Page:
adventures in making stuff with Daniel Higginbotham

My Failed(?) Social Web Experiment Still Haunts Me

01 December 2012

What will people post if they can't include links and can't use a nickname?

This was the question I was looking to answer back in 2007 I launched It was a very simple web site, consisting mainly of a text field and all the posts which people had entered in the text field. You can see it, unstyled, thanks to the wayback machine.

Initially, the posts were interesting to me, but probably unremarkable to anyone else. Bits of poetry, parts of song, random curses. But then something unexpected happened. More and more of the posts were written in Persian.

Persian!? How did that happen? When I looked at Google Analytics, it showed that the majority of my visits were from Iran, and that most of my visitors were referred from Yahoo Mail. This was not something that I had anticipated. It seemed like the site was going viral in Iran, with people emailing it to each other specifically in Yahoo Mail. Going through the site, I noticed that some of the posts referenced others; each post had a number, and visitors would specify the number of the post they were replying to.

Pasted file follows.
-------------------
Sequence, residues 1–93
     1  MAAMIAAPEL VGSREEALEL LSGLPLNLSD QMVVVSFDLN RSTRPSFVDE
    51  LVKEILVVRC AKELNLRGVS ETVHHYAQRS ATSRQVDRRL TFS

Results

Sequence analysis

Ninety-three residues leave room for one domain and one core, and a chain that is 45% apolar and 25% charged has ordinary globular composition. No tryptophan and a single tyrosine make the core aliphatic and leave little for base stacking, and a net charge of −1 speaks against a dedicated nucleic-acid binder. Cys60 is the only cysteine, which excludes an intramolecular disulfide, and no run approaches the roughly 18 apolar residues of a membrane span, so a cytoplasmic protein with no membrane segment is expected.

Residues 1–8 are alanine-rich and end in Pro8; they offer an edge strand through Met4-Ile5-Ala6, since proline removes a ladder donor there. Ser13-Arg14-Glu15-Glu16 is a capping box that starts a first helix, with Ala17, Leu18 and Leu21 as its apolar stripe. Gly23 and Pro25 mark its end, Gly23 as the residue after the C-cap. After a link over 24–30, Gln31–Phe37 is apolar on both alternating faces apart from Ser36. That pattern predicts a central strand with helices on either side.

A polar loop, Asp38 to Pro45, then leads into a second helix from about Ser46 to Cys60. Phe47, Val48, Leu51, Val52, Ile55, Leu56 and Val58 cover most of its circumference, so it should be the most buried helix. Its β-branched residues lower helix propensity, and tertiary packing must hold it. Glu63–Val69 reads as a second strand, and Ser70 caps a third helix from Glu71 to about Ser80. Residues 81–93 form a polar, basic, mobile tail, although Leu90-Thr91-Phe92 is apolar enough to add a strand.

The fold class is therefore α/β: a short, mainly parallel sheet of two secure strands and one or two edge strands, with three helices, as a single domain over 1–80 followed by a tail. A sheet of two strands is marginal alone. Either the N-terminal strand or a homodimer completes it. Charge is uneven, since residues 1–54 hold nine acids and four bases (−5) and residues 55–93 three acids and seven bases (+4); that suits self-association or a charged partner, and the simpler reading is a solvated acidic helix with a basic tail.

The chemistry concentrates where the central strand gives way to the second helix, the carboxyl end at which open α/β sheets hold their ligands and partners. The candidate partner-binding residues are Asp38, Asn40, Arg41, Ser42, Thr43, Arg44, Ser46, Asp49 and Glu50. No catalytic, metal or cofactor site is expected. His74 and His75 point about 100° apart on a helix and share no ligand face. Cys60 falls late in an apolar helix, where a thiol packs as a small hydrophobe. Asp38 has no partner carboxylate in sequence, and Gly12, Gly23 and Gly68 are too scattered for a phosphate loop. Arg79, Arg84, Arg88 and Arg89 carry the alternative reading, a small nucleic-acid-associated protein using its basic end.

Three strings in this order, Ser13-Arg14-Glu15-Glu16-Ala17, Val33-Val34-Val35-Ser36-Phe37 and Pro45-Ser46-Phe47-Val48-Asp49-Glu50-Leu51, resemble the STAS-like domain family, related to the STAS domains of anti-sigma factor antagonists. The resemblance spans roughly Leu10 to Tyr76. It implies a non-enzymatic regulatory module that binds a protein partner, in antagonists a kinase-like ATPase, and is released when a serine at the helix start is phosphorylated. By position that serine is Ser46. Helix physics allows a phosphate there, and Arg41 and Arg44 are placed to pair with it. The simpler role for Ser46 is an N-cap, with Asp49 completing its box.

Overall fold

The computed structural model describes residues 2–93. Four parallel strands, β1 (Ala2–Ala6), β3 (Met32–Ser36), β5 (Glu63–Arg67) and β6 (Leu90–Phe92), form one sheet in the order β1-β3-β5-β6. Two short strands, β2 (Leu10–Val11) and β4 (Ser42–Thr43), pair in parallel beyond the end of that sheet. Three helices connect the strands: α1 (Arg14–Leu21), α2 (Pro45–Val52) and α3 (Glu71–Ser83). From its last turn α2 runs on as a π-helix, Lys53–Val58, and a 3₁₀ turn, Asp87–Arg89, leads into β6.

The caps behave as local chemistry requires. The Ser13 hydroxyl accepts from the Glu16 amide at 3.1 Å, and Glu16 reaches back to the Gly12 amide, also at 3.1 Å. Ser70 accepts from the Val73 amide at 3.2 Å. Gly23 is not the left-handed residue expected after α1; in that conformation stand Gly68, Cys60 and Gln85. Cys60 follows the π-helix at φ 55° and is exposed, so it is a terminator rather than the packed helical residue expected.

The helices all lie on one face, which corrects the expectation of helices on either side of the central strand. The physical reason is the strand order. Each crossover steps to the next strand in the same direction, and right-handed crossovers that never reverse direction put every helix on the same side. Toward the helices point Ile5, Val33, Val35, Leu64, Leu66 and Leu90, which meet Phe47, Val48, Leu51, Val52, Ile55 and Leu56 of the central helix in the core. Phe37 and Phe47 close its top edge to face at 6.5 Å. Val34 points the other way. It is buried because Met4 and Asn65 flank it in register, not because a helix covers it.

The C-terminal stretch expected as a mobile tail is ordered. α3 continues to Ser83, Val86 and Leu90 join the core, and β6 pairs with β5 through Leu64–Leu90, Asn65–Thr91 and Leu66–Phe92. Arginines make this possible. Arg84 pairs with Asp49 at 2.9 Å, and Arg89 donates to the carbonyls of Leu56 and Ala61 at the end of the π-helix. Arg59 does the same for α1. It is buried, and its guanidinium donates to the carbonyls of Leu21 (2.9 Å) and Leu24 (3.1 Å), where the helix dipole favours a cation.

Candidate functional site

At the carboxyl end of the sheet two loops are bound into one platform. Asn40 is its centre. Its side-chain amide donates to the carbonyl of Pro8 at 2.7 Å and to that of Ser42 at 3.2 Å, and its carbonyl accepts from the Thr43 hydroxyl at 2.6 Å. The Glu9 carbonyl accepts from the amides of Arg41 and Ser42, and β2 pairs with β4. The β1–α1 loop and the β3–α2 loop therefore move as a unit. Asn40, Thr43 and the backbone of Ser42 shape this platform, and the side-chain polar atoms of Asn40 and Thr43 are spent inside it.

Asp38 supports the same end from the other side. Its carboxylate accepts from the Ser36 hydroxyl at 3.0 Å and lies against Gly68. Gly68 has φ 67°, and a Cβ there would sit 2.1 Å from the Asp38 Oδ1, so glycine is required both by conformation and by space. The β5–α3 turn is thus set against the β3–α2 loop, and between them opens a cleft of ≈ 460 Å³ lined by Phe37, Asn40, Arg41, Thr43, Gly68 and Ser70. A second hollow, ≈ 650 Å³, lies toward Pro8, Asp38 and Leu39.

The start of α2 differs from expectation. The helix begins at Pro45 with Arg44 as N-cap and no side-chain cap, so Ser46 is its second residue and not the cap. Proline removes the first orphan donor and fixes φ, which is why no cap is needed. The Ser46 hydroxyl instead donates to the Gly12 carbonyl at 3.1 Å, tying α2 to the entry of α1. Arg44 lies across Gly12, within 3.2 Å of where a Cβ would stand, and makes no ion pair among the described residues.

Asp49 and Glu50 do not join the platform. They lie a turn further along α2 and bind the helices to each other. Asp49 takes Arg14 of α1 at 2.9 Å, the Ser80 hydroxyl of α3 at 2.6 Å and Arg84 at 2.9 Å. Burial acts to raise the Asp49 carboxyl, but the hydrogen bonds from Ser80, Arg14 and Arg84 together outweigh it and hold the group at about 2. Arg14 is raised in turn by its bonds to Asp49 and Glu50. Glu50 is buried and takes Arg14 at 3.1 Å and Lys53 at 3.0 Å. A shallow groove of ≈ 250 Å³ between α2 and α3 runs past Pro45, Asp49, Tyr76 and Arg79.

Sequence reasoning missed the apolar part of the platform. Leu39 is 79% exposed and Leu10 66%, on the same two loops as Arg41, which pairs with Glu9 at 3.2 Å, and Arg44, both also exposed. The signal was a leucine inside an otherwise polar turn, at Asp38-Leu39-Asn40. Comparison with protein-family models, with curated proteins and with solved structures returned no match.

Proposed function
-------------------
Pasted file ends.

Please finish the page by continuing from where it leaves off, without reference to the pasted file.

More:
But why? Why all this activity from Iranians? I wanted to know, but sadly had no direct way of finding out. After all, everyone was anonymous. Not knowing what else, to do, I tried using Google Translate to see what people were saying. One post in particular stood out. It's probably irretrievable now, but a young man essentially wrote, "Help, I am a gay man living in Iran. I cannot tell anyone, or I will be killed. Please, someone help me."

To this day, that post haunts me. Who was this young man? Was he able to find help? Where is he today, and is he OK?

I doubt I'll ever know the answer. I eventually shut down the site as traffic slowed to a trickle. But pieces of it remain. It was connected to a twitter account, where you can still read fragments of those posts by anonymous Iranians. And there's the wayback machine, which offers larger slices of conversation. And there's Google Translate, offering me its demented assistance in trying to understand what was happening a world away:

Staring at the horizon, leaving the logo side of life, rectified love sitting in contemplation, madness, stood an innocent face, a tired face , relying on the fact, sad face smiling at what an idea! that madness pounding deep into each side. .